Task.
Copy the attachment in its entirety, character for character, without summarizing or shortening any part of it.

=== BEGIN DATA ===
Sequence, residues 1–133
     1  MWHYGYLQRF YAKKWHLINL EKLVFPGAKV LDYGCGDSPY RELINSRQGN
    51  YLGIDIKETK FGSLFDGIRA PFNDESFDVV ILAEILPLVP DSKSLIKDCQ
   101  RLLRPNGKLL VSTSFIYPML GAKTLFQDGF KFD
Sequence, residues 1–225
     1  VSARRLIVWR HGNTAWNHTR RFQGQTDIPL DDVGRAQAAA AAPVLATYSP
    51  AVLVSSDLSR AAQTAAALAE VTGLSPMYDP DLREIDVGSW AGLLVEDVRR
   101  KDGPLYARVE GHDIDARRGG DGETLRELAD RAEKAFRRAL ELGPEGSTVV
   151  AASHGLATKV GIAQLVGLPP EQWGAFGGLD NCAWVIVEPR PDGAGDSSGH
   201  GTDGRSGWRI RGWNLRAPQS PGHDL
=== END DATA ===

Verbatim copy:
Sequence, residues 1–133
     1  MWHYGYLQRF YAKKWHLINL EKLVFPGAKV LDYGCGDSPY RELINSRQGN
    51  YLGIDIKETK FGSLFDGIRA PFNDESFDVV ILAEILPLVP DSKSLIKDCQ
   101  RLLRPNGKLL VSTSFIYPML GAKTLFQDGF KFD
Sequence, residues 1–225
     1  VSARRLIVWR HGNTAWNHTR RFQGQTDIPL DDVGRAQAAA AAPVLATYSP
    51  AVLVSSDLSR AAQTAAALAE VTGLSPMYDP DLREIDVGSW AGLLVEDVRR
   101  KDGPLYARVE GHDIDARRGG DGETLRELAD RAEKAFRRAL ELGPEGSTVV
   151  AASHGLATKV GIAQLVGLPP EQWGAFGGLD NCAWVIVEPR PDGAGDSSGH
   201  GTDGRSGWRI RGWNLRAPQS PGHDL